Characteristics, History and Pairings
The story of this shape of pasta is bizarre: it was first created in the 1970s in a well-known pasta production plant in Emilia. Due to a glitch in the machine, instead of making a straight ridged pasta, the extruder produced a helical shape resembling a “spring”. At the time, singer Adriano Celentano (known as il Molleggiato, “Springy”, because of his dancing moves) was at the peak of his popularity. Although there is no proof, tradition has it that his nickname inspired the name of this new shape of pasta, celentani.
Because of its helical shape, celentani pasta is also known as cavatappi (corkscrews), spirali (spirals), and amori (lovers).
Region of Origin
Celentani pasta comes from Parma, where the pasta production plant that first made it is based.
The curly tubular shape of this pasta is perfect to capture all types of meat, vegetable and fish sauces.
This pasta is so versatile that is often served with traditional Italian sauces, mainly with a tomato base, such as amatriciana sauce, but it’s also great enjoyed with basil pesto.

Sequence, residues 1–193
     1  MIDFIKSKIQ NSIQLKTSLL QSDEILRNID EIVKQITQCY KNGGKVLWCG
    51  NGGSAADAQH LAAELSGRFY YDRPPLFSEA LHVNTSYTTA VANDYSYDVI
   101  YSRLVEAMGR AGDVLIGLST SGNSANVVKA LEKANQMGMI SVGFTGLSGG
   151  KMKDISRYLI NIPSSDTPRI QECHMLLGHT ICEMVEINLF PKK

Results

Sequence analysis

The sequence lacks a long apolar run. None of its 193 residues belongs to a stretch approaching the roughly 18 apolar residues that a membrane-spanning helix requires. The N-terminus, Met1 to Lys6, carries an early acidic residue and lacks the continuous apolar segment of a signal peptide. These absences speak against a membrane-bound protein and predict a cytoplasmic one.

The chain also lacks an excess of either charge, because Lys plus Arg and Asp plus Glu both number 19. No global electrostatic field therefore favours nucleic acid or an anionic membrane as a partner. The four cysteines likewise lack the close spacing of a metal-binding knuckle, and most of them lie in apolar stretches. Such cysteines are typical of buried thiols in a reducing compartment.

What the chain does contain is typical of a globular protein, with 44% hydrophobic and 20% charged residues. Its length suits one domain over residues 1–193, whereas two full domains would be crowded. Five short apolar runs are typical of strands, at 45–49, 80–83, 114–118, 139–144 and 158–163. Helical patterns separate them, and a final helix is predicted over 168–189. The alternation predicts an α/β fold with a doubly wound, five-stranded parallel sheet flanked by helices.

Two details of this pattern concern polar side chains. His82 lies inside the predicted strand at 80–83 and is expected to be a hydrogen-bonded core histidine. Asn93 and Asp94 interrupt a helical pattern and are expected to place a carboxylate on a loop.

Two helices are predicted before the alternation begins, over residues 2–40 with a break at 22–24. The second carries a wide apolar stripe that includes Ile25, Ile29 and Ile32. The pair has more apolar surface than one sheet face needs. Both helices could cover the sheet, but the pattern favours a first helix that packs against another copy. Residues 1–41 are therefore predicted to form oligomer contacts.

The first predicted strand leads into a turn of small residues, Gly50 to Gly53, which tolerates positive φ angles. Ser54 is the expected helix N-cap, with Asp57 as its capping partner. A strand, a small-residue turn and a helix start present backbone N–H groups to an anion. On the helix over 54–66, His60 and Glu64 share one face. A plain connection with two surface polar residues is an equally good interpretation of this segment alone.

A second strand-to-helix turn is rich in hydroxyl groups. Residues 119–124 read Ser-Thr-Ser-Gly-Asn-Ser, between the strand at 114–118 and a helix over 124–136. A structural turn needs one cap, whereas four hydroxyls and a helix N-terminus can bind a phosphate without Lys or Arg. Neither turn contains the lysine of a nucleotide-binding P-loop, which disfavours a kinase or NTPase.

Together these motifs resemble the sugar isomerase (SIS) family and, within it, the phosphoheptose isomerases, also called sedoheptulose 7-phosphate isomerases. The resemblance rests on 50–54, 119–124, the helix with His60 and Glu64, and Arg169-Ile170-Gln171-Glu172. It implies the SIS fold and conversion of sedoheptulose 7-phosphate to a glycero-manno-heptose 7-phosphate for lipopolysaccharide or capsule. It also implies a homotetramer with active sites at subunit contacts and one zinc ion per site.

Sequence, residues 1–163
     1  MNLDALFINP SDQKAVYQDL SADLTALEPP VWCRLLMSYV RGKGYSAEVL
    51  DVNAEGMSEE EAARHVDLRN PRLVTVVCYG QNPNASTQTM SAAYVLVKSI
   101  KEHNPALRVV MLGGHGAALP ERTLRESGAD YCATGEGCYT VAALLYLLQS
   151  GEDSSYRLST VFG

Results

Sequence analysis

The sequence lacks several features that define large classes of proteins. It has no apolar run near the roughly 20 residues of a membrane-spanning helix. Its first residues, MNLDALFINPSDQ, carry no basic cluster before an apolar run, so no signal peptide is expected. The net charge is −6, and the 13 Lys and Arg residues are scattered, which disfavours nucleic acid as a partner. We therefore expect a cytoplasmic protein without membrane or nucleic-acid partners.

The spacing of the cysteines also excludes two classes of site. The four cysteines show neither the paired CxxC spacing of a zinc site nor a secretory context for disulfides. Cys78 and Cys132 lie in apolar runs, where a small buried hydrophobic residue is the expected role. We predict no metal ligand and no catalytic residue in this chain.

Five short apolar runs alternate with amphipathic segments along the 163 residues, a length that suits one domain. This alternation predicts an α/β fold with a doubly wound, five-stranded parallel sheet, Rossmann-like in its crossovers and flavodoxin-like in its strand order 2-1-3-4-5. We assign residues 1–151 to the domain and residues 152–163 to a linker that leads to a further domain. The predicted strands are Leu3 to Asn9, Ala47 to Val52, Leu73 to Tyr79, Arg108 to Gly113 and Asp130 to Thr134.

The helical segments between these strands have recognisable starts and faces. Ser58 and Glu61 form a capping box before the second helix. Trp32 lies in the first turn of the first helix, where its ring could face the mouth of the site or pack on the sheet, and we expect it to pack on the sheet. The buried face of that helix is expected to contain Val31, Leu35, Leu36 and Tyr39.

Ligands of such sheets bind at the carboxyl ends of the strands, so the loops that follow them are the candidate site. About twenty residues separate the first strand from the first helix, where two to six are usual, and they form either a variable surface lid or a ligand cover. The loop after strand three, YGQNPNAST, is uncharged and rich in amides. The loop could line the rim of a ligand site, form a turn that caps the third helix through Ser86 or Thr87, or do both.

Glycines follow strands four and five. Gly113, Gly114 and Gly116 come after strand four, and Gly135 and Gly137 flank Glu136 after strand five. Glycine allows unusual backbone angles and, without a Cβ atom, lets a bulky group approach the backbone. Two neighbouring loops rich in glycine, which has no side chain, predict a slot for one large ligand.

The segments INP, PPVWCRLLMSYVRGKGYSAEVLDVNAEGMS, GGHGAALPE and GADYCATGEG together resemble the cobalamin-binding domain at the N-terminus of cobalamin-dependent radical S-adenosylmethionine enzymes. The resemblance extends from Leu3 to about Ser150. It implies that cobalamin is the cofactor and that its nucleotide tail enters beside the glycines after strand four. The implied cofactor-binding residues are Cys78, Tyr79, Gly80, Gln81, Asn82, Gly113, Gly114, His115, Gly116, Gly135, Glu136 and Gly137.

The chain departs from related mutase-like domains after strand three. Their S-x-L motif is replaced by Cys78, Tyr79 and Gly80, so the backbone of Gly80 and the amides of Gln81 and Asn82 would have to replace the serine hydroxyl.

Celentani pasta is very popular in the United States and has become the shape of choice for mac’n cheese and other dishes with cheese sauces.
Durum wheat semolina and water.
Average nutritional values for 100 g of raw product
– Energy: 1555 kJ / 367 Kcal
– Fat: 1.5 g
– of which saturates: 0.2 g
– Carbohydrate: 73.0 g
– of which sugars: 3.0 g
– Fibre: 2.5 g
– Protein: 14.0 g
– Salt: 0.01g
Do you cook pasta in a sustainable way? Here are a few tips that can make a difference.
1. Don’t waste water, use only the necessary amount: 1 litre of water for every 100 grammes of dry pasta.
2. Cooking with a lid will save time and gas or electricity and the water will boil sooner.
3. Add the salt when the water starts boiling and add the pasta immediately after.
4. Put the lid back on halfway through the cooking time, switch off the gas (or electric hob) and finish cooking your pasta in the hot water inside the covered pot.